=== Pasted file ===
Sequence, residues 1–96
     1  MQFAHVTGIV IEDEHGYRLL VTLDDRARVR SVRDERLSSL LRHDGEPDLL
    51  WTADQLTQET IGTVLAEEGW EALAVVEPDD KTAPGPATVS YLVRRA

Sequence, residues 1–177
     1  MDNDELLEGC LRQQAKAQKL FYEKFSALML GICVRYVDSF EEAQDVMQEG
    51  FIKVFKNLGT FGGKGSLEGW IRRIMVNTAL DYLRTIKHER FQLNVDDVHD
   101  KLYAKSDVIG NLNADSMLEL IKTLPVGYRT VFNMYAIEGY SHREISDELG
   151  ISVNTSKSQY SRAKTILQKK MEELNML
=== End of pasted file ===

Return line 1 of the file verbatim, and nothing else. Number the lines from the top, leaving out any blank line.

Sequence, residues 1–96